Political events in Britain are providing a strange mirror image of the spectacle of Labor and the Greens ripping their own governing alliance to shreds.
With Bob Brown gone, Labor’s relationship with the Greens was bound to come to grief. But given Labor's lack of moral and political capital, distancing itself from the Greens won't be enough against a relentless Tony Abbott.
The ALP suits crammed into the function room of Lygon Street’s legendary La Notte restaurant last Thursday to celebrate the first meeting of the Victorian party’s new think tank ‘Progressive Network’ were restless.
The Labor Right's attack on the Greens misses the point that disgruntled ex-Labor voters are only a part of the Greens' electoral support. Labor can look to the Democrats for that.
Thanks to the Greens' position on asylum seekers and a high carbon price, Tony Abbott is set to cruise into government with a large margin and a mandate to repeal the carbon tax.
The lack of information around the carbon tax is not helpful, and neither is the timing of its introduction. Still, Tony Abbott should not repeal the carbon tax when he wins office next year, as he almost certainly will.
Those who support action to reduce carbon output underestimated the impact of rising power prices on public perceptions. Now they face a Gina Rinehart-led backlash and a government that lacks the support to deliver.
The Ashby saga is unlikely to do much damage to the opposition but it will do plenty to Mal Brough, once touted as a future leader.
Julia Gillard and Tony Abbott are at war with each other, at war with the wishes of their own backbenchers and, one can only hope, at war with themselves. Until one of them blinks on the issue of asylum seekers, parliamentary point scoring will continue to trump human rights.
Time, popularity, history and a dearth of pythons: these are the reasons why Tony Abbott will backtrack on his blood oath to repeal the carbon tax if he ascends to the prime ministership.
Prime Minister Gillard did a decent enough job explaining the carbon tax on the ABC's Q&A last night, though as a thoroughly coached media performer she should have dwelt a little longer on one phrase in particular: in line with Treasury forecasts.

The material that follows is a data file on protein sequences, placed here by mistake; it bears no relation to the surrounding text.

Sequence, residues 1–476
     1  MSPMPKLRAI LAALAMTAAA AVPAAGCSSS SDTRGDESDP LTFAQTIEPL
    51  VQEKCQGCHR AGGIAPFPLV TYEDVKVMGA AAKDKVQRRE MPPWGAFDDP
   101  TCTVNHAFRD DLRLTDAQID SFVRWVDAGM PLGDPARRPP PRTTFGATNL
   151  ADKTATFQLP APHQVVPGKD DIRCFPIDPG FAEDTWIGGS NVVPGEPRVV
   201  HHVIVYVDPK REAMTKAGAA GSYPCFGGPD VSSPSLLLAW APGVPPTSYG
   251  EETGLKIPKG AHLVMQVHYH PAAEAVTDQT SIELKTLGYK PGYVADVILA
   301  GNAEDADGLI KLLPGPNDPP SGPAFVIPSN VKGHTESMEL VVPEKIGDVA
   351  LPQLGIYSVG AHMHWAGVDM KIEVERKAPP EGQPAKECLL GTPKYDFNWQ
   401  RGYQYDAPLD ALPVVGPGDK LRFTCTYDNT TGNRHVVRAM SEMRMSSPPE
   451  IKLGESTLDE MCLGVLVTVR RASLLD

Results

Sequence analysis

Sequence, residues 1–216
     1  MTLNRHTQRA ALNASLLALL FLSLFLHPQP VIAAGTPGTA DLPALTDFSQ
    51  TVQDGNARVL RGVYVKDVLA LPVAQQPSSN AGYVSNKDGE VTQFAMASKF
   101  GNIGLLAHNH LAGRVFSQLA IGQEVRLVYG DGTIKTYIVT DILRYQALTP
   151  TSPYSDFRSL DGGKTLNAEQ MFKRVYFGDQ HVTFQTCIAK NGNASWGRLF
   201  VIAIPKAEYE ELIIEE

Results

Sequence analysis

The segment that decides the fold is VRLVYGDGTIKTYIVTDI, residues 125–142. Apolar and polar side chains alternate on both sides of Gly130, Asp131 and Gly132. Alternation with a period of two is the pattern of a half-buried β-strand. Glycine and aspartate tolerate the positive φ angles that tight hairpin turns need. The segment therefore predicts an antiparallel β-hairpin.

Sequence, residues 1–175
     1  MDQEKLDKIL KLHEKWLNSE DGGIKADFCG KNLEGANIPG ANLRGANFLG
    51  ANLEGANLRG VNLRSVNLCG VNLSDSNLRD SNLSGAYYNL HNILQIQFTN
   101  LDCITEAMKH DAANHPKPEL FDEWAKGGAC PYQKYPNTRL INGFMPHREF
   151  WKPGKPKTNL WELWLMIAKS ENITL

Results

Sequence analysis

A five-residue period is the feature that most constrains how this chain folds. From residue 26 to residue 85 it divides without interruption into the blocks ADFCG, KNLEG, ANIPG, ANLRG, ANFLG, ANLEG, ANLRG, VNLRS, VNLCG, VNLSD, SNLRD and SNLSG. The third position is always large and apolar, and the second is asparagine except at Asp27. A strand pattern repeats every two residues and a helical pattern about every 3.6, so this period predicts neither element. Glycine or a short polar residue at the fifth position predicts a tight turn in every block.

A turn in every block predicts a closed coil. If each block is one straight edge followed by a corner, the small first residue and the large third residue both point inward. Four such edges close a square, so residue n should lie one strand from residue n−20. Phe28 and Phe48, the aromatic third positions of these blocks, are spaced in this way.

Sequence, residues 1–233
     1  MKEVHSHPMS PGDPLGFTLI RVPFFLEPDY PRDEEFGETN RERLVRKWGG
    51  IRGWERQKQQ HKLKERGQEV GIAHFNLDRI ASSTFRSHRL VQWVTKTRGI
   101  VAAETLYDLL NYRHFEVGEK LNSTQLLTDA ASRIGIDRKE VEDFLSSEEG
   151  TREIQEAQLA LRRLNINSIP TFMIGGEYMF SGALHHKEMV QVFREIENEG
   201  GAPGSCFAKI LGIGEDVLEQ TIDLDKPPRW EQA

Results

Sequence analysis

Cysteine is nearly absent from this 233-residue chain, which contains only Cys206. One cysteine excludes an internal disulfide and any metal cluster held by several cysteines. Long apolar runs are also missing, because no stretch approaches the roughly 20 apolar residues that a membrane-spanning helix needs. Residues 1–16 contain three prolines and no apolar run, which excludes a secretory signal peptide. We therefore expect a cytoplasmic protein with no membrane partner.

Pyne and Abbott fight it out for the Lower House sprint, Julian Assange will learn his extradition fate tonight and XXXX Gold's hard-earned first.
Prime Minister Julia Gillard finally gets some good news, AEC talks voting numbers and Google's Australia chief wants more local tech innovation.
Speaking under parliamentary privilege, Craig Thomson made a series of allegations against key figures as being complicit in a prostitute conspiracy, and for leading a lynch mob against him. Here's the line-up of who he named:
Former News Limited press gallery heavy hitter Glen Milne has made a long-awaited return to the pages of The Australian, penning an op-ed about the supposed political reincarnation of Peter Costello.
As Treasurer Wayne Swan delivers his fifth budget today, he can take some comfort from the fact it wasn't just Bernard Keane and The Power Index who voted him Canberra's most powerful politician - it was readers of The Power Index too.
Tomorrow, we start counting down the Top 10 most powerful Union Heavies. Here, Matthew Knott presents the shortlist.
As ideas go, Canadian philosopher Barry Allen has a biggie -- and one that might help untangle the 'clash of the pygmies' that has erupted between Treasurer Wayne Swan and mining's greatest ratbag, Clive Palmer.
The Labor government’s lost the authority and audience to deliver a compelling, influential message – and has handed the ability to dictate the national debate to the Opposition in the process.
Most power players have oodles of charm and charisma, so it's no wonder they collect some unlikely allies on their way to the top. Here are six power partnerships that cross the ideological and generational divide.